For many decades, Turkish officials have outright denied the occurrence of the Armenian Genocide. In recent years, however, some Turks have made the excuse that today’s Turkish Republic is not responsible for the genocide, since it was committed by the Ottoman Empire—a defunct state.
With this pretext, the issue is no longer whether genocide was committed or not, but who is responsible for it. Those who use this justification, claim that the Republic of Turkey is neither the successor nor the continuation of the Ottoman Empire, but a new and separate state.
This argument has gradually grown weaker as Turkish President Recep Tayyip Erdogan began speaking and acting as an Ottoman Sultan.
Two weeks ago, the Turkish leader made matters worse for his country when he, according to the Times of London, asserted that “modern Turkey is a ‘continuation’ of the Ottoman Empire—a direct contradiction of [Mustafa Kemal] Ataturk’s ideology, which cast the Imperial era as backwards, stale, and to be discarded and forgotten rather than celebrated.”
By stating that Turkey is a “continuation” of the Ottoman Empire, Erdogan effectively concedes that today’s Turkey is responsible for the actions of the Ottoman Empire. In other words, the Republic of Turkey, which inherited the Ottoman Empire’s assets, also inherited its liabilities.
To confirm his allegiance to the Ottoman dynasty, Erdogan attended a ceremony earlier this month to mark the centenary of the death of Sultan Abdulhamid II, the “Red Sultan,” who has been rehabilitated by the current government. Erdogan conveniently ignored the fact that the Red Sultan had ordered the killing of 300,000 Armenians from 1894 to 1896—also known as the Hamidian massacres.
“The descendants of one of the last Ottoman sultans are to be given Turkish citizenship, ending almost a century of outcast and ostracism,” notes the Times’ article, which continues:
“Abdulhamid II ruled from 1876 to 1909, and was much maligned in Kemal Ataturk’s modern Turkish republic for his authoritarianism, anti-Westernism and clampdowns on the media. Yet, in the era of President Erdogan he has been rehabilitated. A television series, ‘Payitaht’, which depicts the life of Abdulhamid in glowing terms has been lauded by Mr. Erdogan as essential viewing for Turkish youths to find out about their country’s history… ‘We see Sultan Abdulhamid II as one of the most important, most visionary, most strategic-minded personalities who have put their stamps on the last 150 years of our state,’ Mr. Erdogan said. ‘We should stop seeing the Ottomans and the Republic as two eras that conflict with one another.’ Abdulhamid died in 1918 and at celebrations for the centenary this week, Turkish foreign minister Mevlut Cavusoglu said that he would personally oversee the granting of citizenships to the family.”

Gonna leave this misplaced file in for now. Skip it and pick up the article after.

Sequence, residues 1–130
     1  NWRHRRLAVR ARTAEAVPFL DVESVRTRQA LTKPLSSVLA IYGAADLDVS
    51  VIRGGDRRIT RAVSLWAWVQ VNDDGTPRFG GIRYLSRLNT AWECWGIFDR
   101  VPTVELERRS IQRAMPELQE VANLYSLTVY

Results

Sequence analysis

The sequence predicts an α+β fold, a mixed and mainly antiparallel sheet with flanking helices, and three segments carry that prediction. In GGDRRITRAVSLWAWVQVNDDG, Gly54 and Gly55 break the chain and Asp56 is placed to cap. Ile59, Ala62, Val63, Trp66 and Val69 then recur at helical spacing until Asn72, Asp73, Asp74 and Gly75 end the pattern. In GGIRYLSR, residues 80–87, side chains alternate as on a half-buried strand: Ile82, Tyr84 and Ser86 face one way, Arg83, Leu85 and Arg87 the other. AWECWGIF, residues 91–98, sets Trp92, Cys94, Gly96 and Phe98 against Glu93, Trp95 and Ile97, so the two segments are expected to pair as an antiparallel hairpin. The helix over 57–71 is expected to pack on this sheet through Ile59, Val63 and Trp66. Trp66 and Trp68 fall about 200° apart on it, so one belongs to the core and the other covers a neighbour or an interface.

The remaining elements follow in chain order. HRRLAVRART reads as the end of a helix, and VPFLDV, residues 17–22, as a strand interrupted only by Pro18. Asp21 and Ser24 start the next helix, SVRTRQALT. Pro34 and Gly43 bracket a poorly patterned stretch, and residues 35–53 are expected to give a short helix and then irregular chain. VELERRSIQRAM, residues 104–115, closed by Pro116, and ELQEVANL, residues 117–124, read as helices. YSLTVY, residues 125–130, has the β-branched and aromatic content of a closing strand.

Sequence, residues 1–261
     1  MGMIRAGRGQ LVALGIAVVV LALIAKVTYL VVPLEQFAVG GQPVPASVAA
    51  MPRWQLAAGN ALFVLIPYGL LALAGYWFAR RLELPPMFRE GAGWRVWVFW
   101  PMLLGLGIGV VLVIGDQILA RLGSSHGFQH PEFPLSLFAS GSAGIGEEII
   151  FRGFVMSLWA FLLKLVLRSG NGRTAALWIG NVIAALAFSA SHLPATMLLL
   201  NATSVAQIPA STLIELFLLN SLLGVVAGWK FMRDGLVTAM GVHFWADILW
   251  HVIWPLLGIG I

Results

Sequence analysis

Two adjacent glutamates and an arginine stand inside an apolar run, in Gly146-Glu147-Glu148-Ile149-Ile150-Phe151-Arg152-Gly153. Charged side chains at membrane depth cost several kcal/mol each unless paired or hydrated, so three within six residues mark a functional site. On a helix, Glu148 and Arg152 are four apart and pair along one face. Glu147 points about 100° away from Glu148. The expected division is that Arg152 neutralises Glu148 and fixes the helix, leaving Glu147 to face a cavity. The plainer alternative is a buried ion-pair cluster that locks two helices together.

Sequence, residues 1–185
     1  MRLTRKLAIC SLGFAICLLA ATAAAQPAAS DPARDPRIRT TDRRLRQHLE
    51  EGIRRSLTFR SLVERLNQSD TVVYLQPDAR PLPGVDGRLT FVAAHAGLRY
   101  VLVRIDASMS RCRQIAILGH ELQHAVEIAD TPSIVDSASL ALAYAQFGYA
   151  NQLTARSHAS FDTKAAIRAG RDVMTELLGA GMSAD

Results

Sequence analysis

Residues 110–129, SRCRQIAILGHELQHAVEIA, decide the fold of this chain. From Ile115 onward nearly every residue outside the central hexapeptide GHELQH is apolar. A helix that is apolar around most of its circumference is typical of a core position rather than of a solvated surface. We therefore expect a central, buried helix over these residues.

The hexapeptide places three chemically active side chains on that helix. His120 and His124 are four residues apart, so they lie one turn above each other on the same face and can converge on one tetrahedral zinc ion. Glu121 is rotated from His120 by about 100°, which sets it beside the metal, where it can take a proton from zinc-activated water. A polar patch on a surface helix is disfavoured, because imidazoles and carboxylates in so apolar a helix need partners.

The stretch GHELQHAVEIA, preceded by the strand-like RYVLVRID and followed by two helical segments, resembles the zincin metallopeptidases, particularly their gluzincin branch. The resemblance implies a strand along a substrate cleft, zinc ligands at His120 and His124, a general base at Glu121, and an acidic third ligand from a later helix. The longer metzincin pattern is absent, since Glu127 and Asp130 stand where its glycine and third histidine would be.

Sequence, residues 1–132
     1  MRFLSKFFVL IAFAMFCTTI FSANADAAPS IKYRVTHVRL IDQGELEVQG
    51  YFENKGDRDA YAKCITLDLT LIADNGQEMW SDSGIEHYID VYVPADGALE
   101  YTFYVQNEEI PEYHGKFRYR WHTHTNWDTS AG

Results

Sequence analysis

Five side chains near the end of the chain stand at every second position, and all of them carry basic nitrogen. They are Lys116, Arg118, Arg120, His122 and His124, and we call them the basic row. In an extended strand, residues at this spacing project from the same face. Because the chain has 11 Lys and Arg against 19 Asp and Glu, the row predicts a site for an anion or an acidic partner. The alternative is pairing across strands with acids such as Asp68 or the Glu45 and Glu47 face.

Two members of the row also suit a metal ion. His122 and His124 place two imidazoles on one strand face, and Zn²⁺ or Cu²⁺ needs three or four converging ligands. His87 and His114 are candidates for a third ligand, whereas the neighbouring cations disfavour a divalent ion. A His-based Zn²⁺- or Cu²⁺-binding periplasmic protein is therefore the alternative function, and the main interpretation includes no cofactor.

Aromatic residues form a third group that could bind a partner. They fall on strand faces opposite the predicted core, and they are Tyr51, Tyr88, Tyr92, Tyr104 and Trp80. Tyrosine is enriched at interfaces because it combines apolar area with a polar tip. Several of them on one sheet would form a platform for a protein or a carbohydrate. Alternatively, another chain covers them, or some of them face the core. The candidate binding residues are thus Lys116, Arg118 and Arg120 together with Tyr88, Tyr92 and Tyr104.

Arrogantly, Erdogan then warned that U.S. soldiers in Northern Syria would soon receive the “Ottoman slap,” according to Reuters. He was “referring to a half-legendary Turkish martial move that involves a potent open-palm hit, resulting in a one-hit knockout or even skull fractures and death.” An illustration published by a pro-Erdogan Turkish media outlet shows President Donald Trump receiving an “Ottoman slap” by President Erdogan. Furthermore, Reuters quoted Turkish Foreign Minister Cavusoglu stating that Washington was backing the YPG [Kurdish forces in Syria] because it shared the same “Marxist, communist, atheist” ideology.
Professor Alfred de Zayas, an international law expert, explained in an essay titled, “The Genocide against the Armenians 1915-1923 and the relevance of the 1948 Genocide Convention,” that a successor state is responsible for the crimes committed by its predecessor regime. Moreover, a state that is a continuation of a previous entity is even more responsible because there is no difference between the two, as admitted by Erdogan two weeks ago.
In addition, in his study Alfred de Zayas quoted Professor M. Cherif Bassiouni: “In international law, the doctrine of legal continuity and principles of State responsibility make a ‘successor Government’ liable in respect of claims arising from a former government’s violations.” De Zayas concluded that “the claims of the Armenians for their wrongfully confiscated properties did not disappear with the change from the Sultanate to the regime of Mustafa Kemal.”
Finally, Professor de Zayas affirmed that “the principle of responsibility of successor States has been held to apply even when the State and government that committed the wrongs were not that of the ‘successor State.’ This principle was formulated, inter alia, by the Permanent Court of Arbitration in the Lighthouse Arbitration case.”
President Erdogan, by affirming that today’s Republic of Turkey is the continuation of the Ottoman Empire, has inadvertently admitted that Turkey is responsible for the genocidal, territorial, and economic damages caused by the Ottoman Empire to the Armenian people. Erdogan’s confession should be presented as evidence when demands emanating from the Turkish Genocide of Armenians are submitted to the World Court.